Army captain court-martialed for resisting human rights abuses in Haiti
Captain Lawrence Rockwood was assigned to the U.S. Army General Staff in Haiti in 1994, and tasked with reporting on human rights abuses after the coup overthrowing Haitian president Aristide. While there, he realized that the U.S. was not interested in his findings, nor would it act to stop abuses. Acting on his own, he left his base to document human rights violations in a Haitian prison and was subsequently court-martialed for his actions.
During a presentation at the Civic Media Center August 14th, Capt. Rockwood spoke about his experiences and pointed out the Catch-22 of US policy in Haiti during 1994. While the US military was there to support democratically-elected President Jean-Bertrand Aristide in his return to power following the military coup which had overthrown him, the US had been financially underwriting the leaders of the military coup under the guise of the drug war. This was true of both the intelligence network of Haiti, and the para-military organization called FRAPH, a sort of dirty work death squad operating as a non-uniformed, above the law arm of the army of Haiti. The U.S. Army School of Americas had trained its leaders and US tax dollars were in their pockets. It was FRAPH which was responsible for the thousands of deaths in the coup which overthrew Aristide. According to Rockwood, the U.S. government's line was, "We have the files which belong to FRAPH, we have the files of the Haitian military . We [the U.S.] will not release that information so ... if you killed during the coup period, you were basically granted immunity."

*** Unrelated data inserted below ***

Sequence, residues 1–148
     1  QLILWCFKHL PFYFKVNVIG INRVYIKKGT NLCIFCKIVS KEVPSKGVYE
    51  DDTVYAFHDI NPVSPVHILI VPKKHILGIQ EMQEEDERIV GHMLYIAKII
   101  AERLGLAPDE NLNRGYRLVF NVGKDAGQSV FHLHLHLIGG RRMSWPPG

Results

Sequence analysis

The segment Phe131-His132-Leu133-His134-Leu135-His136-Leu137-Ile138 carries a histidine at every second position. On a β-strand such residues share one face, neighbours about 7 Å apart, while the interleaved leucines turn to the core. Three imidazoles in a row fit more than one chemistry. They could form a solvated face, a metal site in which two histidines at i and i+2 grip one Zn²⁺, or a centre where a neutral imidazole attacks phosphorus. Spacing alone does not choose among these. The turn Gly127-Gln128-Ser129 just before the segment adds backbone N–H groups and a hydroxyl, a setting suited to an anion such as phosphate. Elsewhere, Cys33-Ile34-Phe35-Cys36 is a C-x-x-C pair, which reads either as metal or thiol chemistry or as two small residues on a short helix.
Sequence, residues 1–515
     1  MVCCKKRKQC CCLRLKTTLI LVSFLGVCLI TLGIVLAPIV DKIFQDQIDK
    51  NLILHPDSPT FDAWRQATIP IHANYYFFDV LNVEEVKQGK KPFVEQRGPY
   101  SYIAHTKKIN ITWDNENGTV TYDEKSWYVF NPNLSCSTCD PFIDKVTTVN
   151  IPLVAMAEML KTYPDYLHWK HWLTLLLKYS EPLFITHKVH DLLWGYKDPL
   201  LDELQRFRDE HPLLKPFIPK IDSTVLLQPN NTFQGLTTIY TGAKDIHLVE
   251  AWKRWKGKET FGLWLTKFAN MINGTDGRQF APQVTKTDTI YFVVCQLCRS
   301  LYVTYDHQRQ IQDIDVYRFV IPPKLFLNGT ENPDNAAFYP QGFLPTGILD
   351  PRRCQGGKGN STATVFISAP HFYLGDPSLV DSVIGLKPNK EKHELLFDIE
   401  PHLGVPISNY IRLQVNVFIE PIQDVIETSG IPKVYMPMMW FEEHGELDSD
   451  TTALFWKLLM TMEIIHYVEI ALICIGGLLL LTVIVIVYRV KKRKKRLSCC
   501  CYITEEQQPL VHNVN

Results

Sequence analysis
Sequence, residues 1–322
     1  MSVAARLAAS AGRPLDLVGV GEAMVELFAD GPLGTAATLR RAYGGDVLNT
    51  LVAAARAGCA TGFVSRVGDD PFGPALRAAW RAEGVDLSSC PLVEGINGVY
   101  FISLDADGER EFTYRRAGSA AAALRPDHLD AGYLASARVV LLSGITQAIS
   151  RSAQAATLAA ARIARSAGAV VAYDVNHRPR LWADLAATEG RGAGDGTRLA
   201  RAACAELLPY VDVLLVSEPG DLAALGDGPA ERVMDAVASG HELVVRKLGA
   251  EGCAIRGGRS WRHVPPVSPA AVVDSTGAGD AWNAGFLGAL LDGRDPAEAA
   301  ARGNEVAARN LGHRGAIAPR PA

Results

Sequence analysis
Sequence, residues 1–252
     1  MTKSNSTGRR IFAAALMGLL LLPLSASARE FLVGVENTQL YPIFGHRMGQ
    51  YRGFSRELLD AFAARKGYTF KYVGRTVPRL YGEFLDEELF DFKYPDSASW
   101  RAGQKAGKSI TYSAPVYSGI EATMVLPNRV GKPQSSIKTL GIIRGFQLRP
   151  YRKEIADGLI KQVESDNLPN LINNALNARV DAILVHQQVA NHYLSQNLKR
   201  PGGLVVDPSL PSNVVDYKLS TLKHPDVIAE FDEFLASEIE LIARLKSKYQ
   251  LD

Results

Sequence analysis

The image put forward by the U.S. Embassy in February 1994 was that the human rights violations against Aristide supporters during the coup were exaggerated. They later had to admit this was an error. "One of the greatest oversimplifications we make as Americans is we think that when the President of the United States, or our ambassador to the UN makes a speech about foreign policy, that's what's carried out by our armed forces, or our intelligence agencies, or our diplomatic forces around the world. I wish that were true. ... We created FRAPH, these were 'our Haitians'".